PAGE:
An article in American Institutes for Research newsletter highlihghts LRSC's work in apprenticeships with neighboring tribal colleges.
Below is the article: SPOTLIGHT ON NORTH DAKOTA: BUILDING APPRENTICESHIP CAPACITY WITHIN TRIBAL COLLEGES
In honor of November’s Native American Heritage Month we’ll look at how North Dakota is using its SAE 2020 grant and private grant dollars to expand apprenticeship capacity within tribal colleges and apprenticeship pathways for Native Americans living in or outside of Indian reservations in the State.
Lake Region State College (LRSC) in North Dakota partnered with five tribal colleges in its SAE 2020 grant application, with the goal of supporting economic development and growth of the reservations and improving Registered Apprenticeship opportunities for Native Americans across the State. SAE 2020 grant funds were used initially for capacity building — exporting LRSC’s successful apprenticeship program to the tribal colleges, though tailored to each area’s unique needs. The project also funded marketing and outreach to employers in high-growth sectors (including healthcare, cybersecurity, social work, advanced manufacturing, construction/skilled trades, travel and tourism, and early childhood development). Recently, the Hess Corporation, Halliburton, and Nabors Industries provided $14 million to build on the groundwork laid with SAE 2020 grant funds and provide employer incentives and apprentice supports such as transportation, tuition, childcare, utilities, and stipends.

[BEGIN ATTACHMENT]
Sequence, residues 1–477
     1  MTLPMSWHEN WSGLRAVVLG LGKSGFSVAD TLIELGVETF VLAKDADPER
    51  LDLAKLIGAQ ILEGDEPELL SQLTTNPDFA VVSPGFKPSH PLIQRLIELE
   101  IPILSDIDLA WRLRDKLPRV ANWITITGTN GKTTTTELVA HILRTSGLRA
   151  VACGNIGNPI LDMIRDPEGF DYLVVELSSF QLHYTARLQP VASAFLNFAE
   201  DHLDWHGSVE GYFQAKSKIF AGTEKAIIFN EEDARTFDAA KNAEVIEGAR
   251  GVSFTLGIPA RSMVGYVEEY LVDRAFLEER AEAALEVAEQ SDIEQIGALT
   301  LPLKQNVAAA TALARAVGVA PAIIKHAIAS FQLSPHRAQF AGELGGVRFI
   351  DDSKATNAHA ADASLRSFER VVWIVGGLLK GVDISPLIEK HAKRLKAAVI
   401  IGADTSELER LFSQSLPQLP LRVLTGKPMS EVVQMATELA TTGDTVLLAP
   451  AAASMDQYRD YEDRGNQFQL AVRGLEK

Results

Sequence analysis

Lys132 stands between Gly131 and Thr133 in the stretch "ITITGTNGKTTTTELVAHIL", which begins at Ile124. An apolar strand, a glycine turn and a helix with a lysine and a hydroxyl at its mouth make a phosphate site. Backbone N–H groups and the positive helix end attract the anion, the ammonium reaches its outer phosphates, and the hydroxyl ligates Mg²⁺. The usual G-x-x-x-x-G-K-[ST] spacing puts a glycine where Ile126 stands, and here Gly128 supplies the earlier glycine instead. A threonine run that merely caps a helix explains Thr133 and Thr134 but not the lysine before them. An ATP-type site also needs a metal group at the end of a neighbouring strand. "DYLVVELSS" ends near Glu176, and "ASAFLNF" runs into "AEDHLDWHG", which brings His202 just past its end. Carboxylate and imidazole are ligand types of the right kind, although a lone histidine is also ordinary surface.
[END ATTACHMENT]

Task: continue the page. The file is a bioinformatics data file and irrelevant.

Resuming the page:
Melana Howe, the Apprenticeship Coordinator for LRSC who headed up the proposal for this partnership, emphasizes the need to build trust with tribal colleges. North Dakota helped build that trust by including the tribal college partners in the beginning phases of the proposal, working closely with them to identify and fund plans to meet their needs, and consistently offering support. "Education and training is the quickest method to change someone's economic status. Apprentice programs — with employment, wage increases, and embedded workplace learning developed to meet the local workforce and business needs by a tribal college — are a perfect fit," stated Melana.